When West Africa was struck with an Ebola epidemic in the summer of 2014, infectious disease expert Dr. Nahid Bhadelia put her life on the line helping victims in Sierra Leone – for six months.
“If you don’t do what you are there to do, there is no one else around,” said Bhadelia, when asked if she was ever afraid of catching Ebola. “Yes,” she acknowledged, she was often “terrified,” especially when her medical colleagues in Kenema began catching Ebola.
Bhadelia, a physician and assistant professor at Boston University School of Medicine, came to N.C. Central University on Oct. 27 as the first keynote speaker for the Blue Cross and Blue Shield of North Carolina Speaker Series on Global Health. In Bhadelia’s presentation, “Emerging Pathogens, Health Systems and the Ebola Epidemic,” she recounted her experiences in Sierra Leone treating Ebola patients.
Bhadelia framed her personal experience in the Ebola crisis within the larger issue facing humanity: the dangers of infectious diseases in a global interconnected world. According to Bhadelia, infectious diseases can be caused by viral or bacterial pathogens.
“It’s not just science. It’s culture and economics that are involved with pathogens,” said Bhadelia, explaining that it’s sometimes difficult to halt the spread of infectious diseases.
Nearly 17 million people die annually from infectious diseases, according to the World Health Organization. At least 30 new diseases have emerged in the last 20 years, threatening the health of millions of people, the WHO said in a press release.
The Centers for Disease Control and Prevention describes Ebola as a rare and deadly disease caused by infection with one of several Ebola virus strains. Ebola, which, according to Bhadelia, is not as easily transmittable as pneumonia and tuberculosis, is contracted through contact with bodily fluids. The symptoms of the viruses include fever, chills, diarrhea, and complications with pregnancies.
According to the CDC Ebola is a zoonotic disease, meaning it is thought to have jumped from animals such as fruit bats or primates (apes and monkeys) to humans. The CDC said 6 out of every 10 infectious diseases in humans are spread from animals.
“Since 1980, 45 new human infectious diseases have been transferred from animals to humans,” said Bhadelia, adding that this is often because humans are increasingly encroaching into animal habitats.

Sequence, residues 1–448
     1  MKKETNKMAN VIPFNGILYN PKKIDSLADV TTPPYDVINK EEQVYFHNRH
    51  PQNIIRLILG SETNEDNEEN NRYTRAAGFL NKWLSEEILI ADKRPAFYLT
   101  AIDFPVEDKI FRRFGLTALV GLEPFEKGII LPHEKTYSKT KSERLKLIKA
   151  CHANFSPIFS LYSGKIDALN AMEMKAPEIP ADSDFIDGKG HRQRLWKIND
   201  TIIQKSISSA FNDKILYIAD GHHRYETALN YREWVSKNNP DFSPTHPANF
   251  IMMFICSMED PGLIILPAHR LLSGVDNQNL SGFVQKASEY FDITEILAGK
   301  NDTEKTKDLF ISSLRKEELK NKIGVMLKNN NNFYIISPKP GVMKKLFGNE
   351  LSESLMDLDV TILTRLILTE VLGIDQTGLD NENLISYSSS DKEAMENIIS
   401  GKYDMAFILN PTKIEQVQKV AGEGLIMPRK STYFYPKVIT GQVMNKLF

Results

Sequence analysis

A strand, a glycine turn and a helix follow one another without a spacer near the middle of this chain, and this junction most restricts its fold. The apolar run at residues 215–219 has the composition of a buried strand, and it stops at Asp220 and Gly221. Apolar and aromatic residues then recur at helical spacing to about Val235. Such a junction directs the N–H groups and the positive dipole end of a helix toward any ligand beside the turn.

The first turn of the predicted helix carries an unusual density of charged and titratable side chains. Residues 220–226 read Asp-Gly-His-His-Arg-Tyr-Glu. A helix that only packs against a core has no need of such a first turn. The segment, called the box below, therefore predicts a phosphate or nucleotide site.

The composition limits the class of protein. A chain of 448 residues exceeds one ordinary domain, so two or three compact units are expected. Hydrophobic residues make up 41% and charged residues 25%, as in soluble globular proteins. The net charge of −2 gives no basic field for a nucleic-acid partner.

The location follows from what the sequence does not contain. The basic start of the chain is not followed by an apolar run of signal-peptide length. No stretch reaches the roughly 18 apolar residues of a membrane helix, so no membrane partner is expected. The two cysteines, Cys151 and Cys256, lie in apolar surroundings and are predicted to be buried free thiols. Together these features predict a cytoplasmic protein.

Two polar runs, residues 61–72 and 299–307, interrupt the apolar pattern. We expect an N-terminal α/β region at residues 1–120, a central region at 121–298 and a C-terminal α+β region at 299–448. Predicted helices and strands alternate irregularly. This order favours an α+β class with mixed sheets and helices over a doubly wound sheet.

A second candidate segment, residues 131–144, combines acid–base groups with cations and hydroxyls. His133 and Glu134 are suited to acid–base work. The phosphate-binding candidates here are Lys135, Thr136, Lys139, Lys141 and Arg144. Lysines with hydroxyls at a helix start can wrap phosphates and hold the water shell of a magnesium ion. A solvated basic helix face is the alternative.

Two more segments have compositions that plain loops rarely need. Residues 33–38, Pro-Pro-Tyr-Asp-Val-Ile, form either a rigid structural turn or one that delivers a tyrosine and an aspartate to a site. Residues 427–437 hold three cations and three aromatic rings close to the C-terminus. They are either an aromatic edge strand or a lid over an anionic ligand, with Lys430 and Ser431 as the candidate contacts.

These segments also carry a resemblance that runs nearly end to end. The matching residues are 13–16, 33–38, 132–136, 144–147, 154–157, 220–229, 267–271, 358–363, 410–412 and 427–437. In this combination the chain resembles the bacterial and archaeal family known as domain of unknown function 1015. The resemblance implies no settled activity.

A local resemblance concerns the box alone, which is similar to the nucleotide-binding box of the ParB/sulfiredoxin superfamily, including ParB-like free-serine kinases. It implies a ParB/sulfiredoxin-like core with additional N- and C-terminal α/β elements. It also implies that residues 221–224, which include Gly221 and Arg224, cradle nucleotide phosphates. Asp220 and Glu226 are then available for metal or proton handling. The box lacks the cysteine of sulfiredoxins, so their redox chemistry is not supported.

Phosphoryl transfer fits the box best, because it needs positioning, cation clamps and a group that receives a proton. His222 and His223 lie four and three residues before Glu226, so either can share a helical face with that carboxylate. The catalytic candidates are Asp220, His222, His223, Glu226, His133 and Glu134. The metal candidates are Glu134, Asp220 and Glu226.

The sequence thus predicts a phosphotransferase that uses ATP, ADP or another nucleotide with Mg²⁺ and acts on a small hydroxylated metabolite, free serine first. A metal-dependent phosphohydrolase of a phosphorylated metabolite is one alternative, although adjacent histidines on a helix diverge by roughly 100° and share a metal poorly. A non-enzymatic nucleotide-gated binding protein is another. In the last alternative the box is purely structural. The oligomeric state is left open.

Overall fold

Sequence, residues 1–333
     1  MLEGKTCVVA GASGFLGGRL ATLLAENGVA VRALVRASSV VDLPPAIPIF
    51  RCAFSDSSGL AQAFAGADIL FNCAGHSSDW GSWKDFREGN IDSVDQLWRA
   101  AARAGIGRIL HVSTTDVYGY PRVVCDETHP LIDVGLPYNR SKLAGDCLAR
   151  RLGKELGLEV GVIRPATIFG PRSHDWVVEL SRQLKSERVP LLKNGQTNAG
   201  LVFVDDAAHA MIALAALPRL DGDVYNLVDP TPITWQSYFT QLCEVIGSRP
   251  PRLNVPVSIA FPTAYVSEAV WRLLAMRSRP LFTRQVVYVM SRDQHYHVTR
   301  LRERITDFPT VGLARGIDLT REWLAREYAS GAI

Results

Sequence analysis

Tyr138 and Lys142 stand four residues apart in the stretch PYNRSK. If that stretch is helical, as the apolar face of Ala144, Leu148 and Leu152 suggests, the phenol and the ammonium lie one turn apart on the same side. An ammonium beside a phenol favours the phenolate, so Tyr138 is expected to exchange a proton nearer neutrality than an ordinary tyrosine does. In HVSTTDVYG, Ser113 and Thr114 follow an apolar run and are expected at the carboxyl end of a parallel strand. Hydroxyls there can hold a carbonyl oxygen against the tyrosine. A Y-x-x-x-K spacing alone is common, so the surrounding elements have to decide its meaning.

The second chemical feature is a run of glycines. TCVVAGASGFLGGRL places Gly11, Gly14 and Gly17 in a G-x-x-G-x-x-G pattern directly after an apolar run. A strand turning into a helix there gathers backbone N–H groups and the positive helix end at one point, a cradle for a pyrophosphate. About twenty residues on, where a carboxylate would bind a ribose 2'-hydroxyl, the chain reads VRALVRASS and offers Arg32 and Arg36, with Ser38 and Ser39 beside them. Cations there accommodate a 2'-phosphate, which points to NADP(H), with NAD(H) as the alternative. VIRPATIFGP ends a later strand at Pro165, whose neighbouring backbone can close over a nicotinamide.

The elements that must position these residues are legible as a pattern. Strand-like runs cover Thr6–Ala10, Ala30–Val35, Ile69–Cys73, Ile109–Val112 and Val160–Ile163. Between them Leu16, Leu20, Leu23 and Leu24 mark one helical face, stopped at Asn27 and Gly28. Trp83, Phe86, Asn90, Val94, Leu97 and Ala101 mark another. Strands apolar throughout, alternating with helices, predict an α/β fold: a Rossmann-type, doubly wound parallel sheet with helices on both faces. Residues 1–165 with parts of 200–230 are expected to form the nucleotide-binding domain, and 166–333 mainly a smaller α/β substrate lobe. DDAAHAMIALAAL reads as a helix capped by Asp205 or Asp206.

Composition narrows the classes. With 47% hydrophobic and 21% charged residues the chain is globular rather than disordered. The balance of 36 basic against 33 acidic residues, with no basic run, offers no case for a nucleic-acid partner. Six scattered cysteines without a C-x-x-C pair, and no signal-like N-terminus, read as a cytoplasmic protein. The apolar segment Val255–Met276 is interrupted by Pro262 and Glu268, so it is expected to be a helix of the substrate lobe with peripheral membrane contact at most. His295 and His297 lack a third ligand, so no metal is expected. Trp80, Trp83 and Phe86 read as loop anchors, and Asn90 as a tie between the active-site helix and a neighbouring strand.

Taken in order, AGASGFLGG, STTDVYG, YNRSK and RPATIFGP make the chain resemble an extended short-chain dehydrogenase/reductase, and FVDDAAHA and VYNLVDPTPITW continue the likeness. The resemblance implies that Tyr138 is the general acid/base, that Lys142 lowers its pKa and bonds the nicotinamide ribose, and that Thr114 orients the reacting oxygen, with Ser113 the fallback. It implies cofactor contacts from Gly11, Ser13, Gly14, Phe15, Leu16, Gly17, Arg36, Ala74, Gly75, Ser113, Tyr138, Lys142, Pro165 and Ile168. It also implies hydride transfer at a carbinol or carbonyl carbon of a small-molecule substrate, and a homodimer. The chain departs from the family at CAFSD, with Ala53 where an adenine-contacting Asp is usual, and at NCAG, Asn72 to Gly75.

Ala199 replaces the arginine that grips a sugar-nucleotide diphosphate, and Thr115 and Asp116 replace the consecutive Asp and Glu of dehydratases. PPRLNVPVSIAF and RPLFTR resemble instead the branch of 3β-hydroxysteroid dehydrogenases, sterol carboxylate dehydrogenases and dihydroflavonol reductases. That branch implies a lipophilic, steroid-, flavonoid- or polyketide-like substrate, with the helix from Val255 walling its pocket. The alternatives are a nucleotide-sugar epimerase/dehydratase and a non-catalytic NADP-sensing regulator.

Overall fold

Bhadelia has been working with infectious diseases such as HIV/AIDS, tuberculosis and malaria since 1999. She said the Ebola virus was discovered in 1976.
In her presentation she described the biggest problems she and others faced trying to help Ebola victims. These included: a lack of investment in research and poor data, shortages in lab capacity, medical staff and facilities, community distrust of outsiders, lack of education, a panicked response to the crisis, and a failure to develop systems to respond to healthcare worker illness in national and international staff.
Ebola victims require constant attention. But in the West African crisis there was shortage of medical staff – and because of the heat they could wear protective suits for only 1-2 hours at a stretch.
Things turned from bad to terrible when airlines cancelled flights into Sierra Leone, cutting off the flow of medical supplies and equipment.
“We had to cut up tarp for aprons,” said Bhadelia. “People die of Ebola, not from Ebola,” said Bhadelia, explaining that Ebola victims can be saved with proper care and adequate investments.
According to the CDC, 12,054 lab-confirmed cases of Ebola were diagnosed in Guinea and Sierra Leone in 2014, resulting in 6,491 deaths.
Bhadelia discussed the ethical dilemmas for clinicians in the Ebola epidemic. She described the criteria for determining who was admitted as an Ebola patient. She said there were times when they had to limit patient care because of concerns for the physicians’ safety.
Bhadelia said the real heroes of the 2014-2015 Ebola crisis were the local health care officials who put their lives in danger for the well-being of the patients, often without access to protective suits. She said the hardest part of her job was treating healthcare workers with whom she had been working side by side.
“Thirty-five of 50 healthcare workers in Kenema who contracted Ebola died,” said Bhadelia about her clinic.
The next speakers for the BCBSNC Speaker Series on Global Health will be Dr. Keith Martin, executive director of the Consortium of Universities for Global Health and Bobby Jefferson, director of the Center for Development Informatics, on Nov. 12.